Paralysed jockey Freddy Tylicki sues rider Graham Gibbons for £6m over fall

Freddy Tylicki and Graham Gibbons
Freddy Tylicki and Graham Gibbons were riding in a race at Kempton in October 2016

Former Flat jockey Freddy Tylicki’s £6m negligence claim against fellow rider Graham Gibbons has begun in the High Court.

Tylicki is claiming damages for the “life-changing injuries” he suffered when his horse and three others fell during a race at Kempton in 2016.

Tylicki, who is a permanent wheelchair user following the incident, claims Gibbons’ riding was “dangerous in the extreme” during the race, and that he breached the duty of care owed by one jockey to another.

Gibbons denies causation and negligence and his defence is that the fall was a “racing accident occasioned by the horses coming together”.

The trial is listed for five days and is set to include witness evidence from top jockeys Ryan Moore and Jim Crowley.

Tylicki’s case is that halfway through the mile-long race on 31 October 2016, Gibbons directed his horse, the favourite and eventual winner Madame Butterfly, towards the running rail, cutting across the line of his horse, Nellie Deen, resulting in two points of contact.

It is claimed Gibbons made the manoeuvre despite Tylicki shouting “Gibbo” to “alert him and discourage him from persisting on his path”, and despite it being felt Gibbons “should have known” Tylicki’s mount was on his inside due to his skill and experience.

Lord Edward Faulks QC, representing Tylicki, told the court: “The claimant alleges that during the race the defendant rode negligently or contrary to the rules of racing that caused his horse to fall.

“It is our case that the manner in which you rode at this point in the race was dangerous to the extreme.”

Court documents lodged by the claimant state: “As a professional jockey riding in a race under rules the defendant owed the claimant a duty to exercise the reasonable care towards a fellow jockey that is to be expected of an experienced high level professional jockey.

“It is averred that on the present facts the defendant failed to exercise that degree of care.”

However, Gibbons’ defence is that he did not move towards the rail and there was not sufficient space for another horse to be between his mount and the rail.

Gibbons denies the contact was “caused” by his actions, and maintains the incident was “a racing accident occasioned by the horses coming together, as described, as they travelled at speed around the bend”.

His defence highlights the “split-second” decisions that jockeys are required to make and adds: “The defendant was not even guilty of a careless misjudgement. The fall was an accident of that type that occurs in racing.”

On Monday, a statement by the jockey Jim Crowley was read out in court in which he spoke of being “apprehensive” before Nellie Deen and Madame Butterfly made contact.

The court also heard that Charlie Lane, who has been called as an expert witness by the defence, issued a report saying that if he had been a steward acting on the day “he would’ve reached the decision that the interference was accidental”.

Lord Faulks said of Tylicki: “He has got on with his life. He is working in the racing industry and among other things is a commentator on Sky Sports Racing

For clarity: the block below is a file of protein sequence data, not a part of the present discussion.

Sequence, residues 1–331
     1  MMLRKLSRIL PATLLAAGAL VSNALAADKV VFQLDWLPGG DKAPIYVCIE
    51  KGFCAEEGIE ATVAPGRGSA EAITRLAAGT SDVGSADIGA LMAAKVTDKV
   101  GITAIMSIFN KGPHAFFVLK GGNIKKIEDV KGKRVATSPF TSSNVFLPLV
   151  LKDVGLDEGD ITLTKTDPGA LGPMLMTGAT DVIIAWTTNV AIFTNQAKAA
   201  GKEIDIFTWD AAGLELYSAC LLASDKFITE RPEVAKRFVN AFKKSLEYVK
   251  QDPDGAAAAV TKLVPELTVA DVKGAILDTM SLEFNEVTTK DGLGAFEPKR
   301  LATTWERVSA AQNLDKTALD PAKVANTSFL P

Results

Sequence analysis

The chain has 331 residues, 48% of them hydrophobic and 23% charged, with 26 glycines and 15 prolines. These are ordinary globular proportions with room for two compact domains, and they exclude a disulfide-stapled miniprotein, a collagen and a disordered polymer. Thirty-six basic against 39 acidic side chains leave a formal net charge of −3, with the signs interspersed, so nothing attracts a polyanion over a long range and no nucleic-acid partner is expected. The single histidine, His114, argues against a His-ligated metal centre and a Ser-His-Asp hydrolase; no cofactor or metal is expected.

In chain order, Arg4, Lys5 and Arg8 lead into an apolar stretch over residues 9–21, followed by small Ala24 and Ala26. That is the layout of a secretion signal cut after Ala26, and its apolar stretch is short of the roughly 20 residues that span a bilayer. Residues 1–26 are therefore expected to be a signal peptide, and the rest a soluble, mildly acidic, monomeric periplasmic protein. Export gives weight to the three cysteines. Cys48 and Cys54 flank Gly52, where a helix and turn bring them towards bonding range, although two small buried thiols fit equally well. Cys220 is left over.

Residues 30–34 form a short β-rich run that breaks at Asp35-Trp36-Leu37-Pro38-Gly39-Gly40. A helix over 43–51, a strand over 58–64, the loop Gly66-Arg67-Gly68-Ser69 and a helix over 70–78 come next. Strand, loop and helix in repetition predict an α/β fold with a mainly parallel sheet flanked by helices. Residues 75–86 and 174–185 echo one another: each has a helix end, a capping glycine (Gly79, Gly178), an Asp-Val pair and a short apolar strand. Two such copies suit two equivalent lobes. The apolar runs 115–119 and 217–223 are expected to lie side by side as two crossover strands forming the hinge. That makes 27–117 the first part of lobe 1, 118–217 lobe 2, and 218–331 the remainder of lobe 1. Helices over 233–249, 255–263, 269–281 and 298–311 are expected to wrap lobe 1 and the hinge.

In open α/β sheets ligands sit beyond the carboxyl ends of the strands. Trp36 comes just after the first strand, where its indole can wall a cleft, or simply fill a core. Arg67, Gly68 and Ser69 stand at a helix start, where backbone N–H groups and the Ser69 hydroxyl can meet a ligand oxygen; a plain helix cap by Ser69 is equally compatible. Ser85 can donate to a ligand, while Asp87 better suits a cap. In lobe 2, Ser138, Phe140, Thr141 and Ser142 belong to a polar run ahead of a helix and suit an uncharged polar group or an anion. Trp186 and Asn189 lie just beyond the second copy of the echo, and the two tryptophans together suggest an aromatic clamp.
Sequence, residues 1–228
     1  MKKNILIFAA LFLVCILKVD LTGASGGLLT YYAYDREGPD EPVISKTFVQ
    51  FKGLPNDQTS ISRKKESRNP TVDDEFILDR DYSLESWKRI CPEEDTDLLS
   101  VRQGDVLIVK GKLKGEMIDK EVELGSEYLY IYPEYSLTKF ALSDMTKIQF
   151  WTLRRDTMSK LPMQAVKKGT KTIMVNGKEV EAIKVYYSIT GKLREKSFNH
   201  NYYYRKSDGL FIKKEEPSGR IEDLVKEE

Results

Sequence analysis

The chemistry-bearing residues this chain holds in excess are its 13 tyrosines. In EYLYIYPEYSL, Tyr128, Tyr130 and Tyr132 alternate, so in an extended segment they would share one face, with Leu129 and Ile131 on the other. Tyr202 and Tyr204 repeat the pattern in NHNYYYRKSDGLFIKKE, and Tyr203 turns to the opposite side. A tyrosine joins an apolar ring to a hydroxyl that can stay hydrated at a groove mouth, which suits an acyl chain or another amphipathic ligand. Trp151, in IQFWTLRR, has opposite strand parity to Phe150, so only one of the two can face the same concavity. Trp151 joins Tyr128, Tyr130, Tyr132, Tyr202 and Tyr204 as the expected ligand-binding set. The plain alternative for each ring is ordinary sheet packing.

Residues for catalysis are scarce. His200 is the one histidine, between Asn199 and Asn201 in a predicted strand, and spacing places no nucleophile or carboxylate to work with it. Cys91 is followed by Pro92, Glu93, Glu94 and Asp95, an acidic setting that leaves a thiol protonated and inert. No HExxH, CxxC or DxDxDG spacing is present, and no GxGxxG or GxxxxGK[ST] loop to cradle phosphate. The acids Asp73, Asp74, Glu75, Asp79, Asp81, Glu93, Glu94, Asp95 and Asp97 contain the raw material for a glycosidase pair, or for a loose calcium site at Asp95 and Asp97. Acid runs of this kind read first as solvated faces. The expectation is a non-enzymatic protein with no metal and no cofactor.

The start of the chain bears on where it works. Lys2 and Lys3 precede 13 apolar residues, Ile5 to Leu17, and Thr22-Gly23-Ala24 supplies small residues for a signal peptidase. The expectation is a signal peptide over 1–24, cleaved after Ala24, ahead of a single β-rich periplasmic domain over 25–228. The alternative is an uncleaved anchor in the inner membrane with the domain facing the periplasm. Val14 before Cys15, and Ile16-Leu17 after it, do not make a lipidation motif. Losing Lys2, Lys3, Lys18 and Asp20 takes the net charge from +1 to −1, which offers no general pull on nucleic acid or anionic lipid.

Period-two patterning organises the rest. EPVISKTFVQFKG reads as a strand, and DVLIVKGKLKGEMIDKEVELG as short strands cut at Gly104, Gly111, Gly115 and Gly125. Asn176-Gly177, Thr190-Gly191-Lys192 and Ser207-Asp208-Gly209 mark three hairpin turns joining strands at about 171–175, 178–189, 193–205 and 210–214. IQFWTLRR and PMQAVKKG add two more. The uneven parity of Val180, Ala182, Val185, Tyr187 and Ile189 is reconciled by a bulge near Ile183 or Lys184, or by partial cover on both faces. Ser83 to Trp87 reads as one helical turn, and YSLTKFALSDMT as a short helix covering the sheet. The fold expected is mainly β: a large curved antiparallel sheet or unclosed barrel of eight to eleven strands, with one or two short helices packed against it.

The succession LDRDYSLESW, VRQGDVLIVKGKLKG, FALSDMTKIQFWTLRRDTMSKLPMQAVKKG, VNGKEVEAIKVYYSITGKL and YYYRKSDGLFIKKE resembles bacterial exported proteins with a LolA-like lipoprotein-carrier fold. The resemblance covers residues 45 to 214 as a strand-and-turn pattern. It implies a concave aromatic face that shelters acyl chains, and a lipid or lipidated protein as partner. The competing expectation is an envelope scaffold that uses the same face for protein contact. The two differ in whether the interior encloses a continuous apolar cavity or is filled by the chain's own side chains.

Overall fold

“He is determined this injury will not ruin his life.”

It was a shout for survival – Tylicki

Recalling the incident, Tylicki said: “The pressure from my left from Mr Gibbons continued the whole way until he bumped into me, instead of coming off me, going away from me, he continued to put the pressure on, come into my racing line and basically wipe me out.”

Tylicki said he “completely disagreed” with the suggestion from Gibbons that he had “brought this on yourself because you went for a gap that didn’t exist”.

Under cross-examination, Tylicki said: “What happened was the pressure from Mr Gibbons to get back onto the rail just continued, no matter what was in his way.”

Patrick Lawrence QC asked him if Gibbons had gone beyond holding an aggressive racing line and had “shut the door”, to which Tylicki replied “correct, completely”.

Later Tylicki explained that after an initial contact between Madame Butterfly and Nellie Deen, he stood up in his stirrups, pulled on his reins and shouted “Gibbo”, but the horses must have clipped heels.

“I was pulling back as much as I could as well as shouting Mr Gibbons’ name, then I went down and it went black,” he said.

Mr Lawrence asked him: “When did you shout Gibbo?”

Tylicki replied: “After I squeezed and I couldn’t get upsides him, the pressure was just building up and building up and building up, I took a pull and shouted Gibbo. It was a shout for survival if I’m honest because I knew what was going to happen next. But there was no response.”

Tylicki said he has watched the footage of the race 30 to 40 times.

The court, which was shown film of the incident from five different angles, heard that Tylicki rode about 560 winners during his career, and was previously crowned champion apprentice.

Patrick Lawrence QC, representing Gibbons, said: “If what we say is a racing incident of the type that occurred here, albeit one with absolutely tragic consequences for one of the jockeys concerned, if that type of incident will tend to generate litigation and interest from the lawyers then it is not difficult to see that that will have multiple ramifications which may create all sorts of difficulties for professional sport, not just horse racing.” 

The trial continues.

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